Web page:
ALSC: As children’s librarians, we often share just a little bit of detail about books with audiences to get them interested in checking out material.  What information would you share with children interested in learning more about The Haunted Library series?

DORI: It’s a series about a ghost boy named Kaz and a “solid” girl named Claire who work together to solve ghostly mysteries. Each book is a stand-alone mystery, but as the series goes on Kaz and Claire are also trying to find Kaz’s missing family. Kaz was separated from his family when their old haunt was torn down. The books are a little bit scary, not too scary. The ghosts aren’t dead people. They’re more like transparent people with superpowers.

ALSC: What role did reading play in your life as a child? What types of books did you most enjoy?
I was a huge reader. I didn’t spend a lot of time with other kids outside of school. I spent most of my time curled up with a good book. I most enjoyed realistic fiction and mysteries.

DORI: What have you appreciated most about libraries throughout your life? How do you believe youth services librarians can best develop this appreciation in children?

DORI: If you’d asked me this when I was a kid, I’d have said, “all the books!” I couldn’t buy a lot of books when I was a kid. But I could take home as many as I wanted and keep them for two weeks and then bring them back and get MORE. How cool was that? But when I think about what it is I appreciate about libraries as an adult, I guess it’s still a variation on “all the books.” As an adult, I understand the library’s role in a community much better than I did when I was a child. A good library serves the needs of EVERYONE in the community. That doesn’t mean that every book in the library is one *I* want to read, but rather everyone in a community should be able to walk into a library and find a book they want to read. Given what a diverse nation we are, that is a pretty incredible thing. I think youth services librarians can help children develop an appreciation for libraries by showing them this diversity and reinforcing the idea that it doesn’t matter who you are, the library has materials for everyone.

ALSC: Youth services librarians see that many children gravitate to books that are part of a series as they build confidence in their reading abilities. What type of child reader do you think would most enjoy The Haunted Library series?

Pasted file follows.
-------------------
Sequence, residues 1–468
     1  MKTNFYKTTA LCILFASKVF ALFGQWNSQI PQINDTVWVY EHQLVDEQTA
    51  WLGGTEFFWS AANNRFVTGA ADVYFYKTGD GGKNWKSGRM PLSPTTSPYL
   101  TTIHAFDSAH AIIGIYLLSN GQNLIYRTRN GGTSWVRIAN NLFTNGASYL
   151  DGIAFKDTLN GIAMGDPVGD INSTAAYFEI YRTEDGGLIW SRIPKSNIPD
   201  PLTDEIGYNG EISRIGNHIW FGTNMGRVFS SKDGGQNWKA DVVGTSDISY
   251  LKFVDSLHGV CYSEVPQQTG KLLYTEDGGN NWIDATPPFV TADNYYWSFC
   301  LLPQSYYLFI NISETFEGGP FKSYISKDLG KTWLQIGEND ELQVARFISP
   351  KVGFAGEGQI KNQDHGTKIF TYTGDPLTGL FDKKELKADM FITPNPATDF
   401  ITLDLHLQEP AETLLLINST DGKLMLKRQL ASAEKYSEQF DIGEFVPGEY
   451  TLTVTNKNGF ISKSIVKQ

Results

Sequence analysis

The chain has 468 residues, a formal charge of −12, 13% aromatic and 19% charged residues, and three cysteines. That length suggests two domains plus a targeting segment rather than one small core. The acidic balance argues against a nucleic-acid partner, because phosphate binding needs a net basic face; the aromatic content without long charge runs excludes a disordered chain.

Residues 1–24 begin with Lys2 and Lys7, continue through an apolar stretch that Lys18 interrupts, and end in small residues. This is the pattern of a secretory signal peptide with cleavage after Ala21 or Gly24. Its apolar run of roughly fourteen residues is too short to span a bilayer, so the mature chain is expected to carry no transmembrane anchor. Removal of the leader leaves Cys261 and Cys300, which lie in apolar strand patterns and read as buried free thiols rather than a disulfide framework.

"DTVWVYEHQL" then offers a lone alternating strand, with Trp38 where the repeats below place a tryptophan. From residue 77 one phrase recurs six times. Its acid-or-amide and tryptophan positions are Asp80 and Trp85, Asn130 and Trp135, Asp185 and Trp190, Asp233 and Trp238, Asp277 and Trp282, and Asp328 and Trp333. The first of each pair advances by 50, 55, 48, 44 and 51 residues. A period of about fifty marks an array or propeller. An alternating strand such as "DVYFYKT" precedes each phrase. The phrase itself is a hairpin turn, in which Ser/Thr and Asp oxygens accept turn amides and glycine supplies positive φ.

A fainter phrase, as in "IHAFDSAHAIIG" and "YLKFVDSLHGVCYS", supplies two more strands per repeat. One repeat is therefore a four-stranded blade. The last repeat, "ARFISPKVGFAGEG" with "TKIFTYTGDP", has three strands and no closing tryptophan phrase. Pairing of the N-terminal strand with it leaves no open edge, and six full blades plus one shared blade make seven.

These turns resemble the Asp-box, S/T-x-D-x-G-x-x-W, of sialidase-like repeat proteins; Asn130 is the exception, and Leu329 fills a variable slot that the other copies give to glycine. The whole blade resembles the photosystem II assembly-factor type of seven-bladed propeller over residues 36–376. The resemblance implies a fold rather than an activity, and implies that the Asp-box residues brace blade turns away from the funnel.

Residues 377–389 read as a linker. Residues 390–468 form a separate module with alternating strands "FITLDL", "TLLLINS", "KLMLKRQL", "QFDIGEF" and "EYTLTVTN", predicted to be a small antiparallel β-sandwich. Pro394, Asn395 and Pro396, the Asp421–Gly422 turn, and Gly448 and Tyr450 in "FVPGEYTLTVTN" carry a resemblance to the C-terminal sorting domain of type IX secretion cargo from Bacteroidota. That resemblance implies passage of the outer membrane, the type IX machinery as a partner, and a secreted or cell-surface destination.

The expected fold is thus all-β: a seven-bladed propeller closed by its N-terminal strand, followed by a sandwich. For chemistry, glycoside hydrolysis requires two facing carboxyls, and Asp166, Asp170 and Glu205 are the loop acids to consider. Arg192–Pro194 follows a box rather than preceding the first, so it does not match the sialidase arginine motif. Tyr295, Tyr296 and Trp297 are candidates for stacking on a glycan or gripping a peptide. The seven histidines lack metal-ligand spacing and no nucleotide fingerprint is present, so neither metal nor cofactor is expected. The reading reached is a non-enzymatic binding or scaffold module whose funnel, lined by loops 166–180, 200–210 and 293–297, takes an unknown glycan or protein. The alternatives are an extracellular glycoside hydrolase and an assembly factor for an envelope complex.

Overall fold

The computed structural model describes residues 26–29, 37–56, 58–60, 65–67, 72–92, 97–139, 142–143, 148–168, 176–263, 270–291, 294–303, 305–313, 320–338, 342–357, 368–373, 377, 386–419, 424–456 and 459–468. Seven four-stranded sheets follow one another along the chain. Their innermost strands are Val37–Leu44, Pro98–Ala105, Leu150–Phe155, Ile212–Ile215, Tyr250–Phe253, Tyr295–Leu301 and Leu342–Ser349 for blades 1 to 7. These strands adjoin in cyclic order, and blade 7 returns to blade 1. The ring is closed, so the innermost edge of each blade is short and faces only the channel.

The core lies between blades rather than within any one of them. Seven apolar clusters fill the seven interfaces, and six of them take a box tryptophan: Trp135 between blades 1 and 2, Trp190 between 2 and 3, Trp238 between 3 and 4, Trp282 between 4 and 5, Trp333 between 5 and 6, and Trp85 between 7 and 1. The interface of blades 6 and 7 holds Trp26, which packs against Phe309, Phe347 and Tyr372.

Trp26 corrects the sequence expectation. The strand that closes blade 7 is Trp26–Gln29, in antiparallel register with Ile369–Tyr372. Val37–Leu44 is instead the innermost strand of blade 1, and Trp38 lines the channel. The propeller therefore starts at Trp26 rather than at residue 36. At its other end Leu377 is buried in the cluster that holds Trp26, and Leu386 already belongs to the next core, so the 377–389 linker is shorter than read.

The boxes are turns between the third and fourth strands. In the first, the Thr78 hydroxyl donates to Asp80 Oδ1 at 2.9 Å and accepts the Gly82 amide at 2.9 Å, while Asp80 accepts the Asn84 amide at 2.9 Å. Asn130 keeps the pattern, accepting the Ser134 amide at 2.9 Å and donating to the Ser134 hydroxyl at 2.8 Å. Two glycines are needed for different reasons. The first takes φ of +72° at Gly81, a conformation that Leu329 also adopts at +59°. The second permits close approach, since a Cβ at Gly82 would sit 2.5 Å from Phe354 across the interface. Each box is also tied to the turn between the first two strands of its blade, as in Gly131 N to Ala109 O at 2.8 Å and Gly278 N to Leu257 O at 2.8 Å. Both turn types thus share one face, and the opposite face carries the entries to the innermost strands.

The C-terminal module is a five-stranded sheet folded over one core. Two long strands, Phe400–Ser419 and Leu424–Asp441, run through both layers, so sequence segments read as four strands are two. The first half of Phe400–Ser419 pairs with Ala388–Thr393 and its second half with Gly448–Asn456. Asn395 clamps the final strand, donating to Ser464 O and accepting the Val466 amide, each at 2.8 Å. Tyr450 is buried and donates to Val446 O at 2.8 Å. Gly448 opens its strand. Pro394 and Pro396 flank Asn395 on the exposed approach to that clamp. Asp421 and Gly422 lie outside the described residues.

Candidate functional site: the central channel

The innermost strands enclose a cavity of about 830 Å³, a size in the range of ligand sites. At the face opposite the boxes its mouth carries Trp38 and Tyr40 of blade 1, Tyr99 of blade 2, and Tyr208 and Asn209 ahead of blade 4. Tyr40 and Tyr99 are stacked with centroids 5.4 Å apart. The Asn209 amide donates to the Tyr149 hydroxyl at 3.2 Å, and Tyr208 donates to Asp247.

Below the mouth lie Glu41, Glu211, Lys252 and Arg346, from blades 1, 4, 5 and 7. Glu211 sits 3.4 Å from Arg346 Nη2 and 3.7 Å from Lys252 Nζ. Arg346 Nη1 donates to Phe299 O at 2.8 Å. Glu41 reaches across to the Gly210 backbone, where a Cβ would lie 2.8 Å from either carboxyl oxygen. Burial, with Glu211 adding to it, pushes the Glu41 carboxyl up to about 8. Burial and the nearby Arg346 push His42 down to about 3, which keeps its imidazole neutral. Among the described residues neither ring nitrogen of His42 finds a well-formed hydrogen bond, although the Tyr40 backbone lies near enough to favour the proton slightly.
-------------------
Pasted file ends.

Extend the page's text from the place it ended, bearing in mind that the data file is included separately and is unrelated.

DORI: Kids who love ghost stories, of course. But I think the series might also appeal to reluctant readers, kids who don’t like to read. At least I hope it does. Ghosts are a high interest topic. I’d also like to see librarians hand a Haunted Library book to a kid who feels he’s not good at anything or a kid who’s really struggling to learn something. Kaz, the main character in The Haunted Library, is a ghost who struggles to learn his ghost skills. Even his little brother knows how to glow and wail and pass through walls, but Kaz struggles with every one of these skills. But he keeps working on his skills and as the series progresses, he has some success.

ALSC: Your Ghostly Glossary defines some pretty spooky and cool ghost behaviors and could be used as a way for librarians to introduce this series to children.  How did the idea to include a Ghostly Glossary come about as you were developing these books?

DORI: I planned on a ghostly glossary right from the start. I knew I was going to create a ghostly world and my ghostly world was likely to be different from other authors’ ghostly worlds. I knew I would invent vocabulary. The glossary grew out of that. I also like to think it’s a FUN glossary. And I know sometimes kids think glossaries and dictionaries can be boring. I want to demonstrate that glossaries (and even words themselves!) are fun and interesting.

ALSC: Children’s libraries offer reading material in a variety of genres.  What role do you believe mysteries play in developing children’s reading interests and abilities?         

DORI: Mysteries reinforce problem solving skills. Readers learn to read carefully so they don’t miss any clues. They observe. They sift through the evidence and use logic to form hypotheses. And then they keep reading to find out whether they’re right. I think mysteries are a good way to reach the reluctant reader, too. Mysteries tend to have fast-moving plots. And readers feel “smart” when they’re able to solve the mystery alongside (or even before!) the protagonist.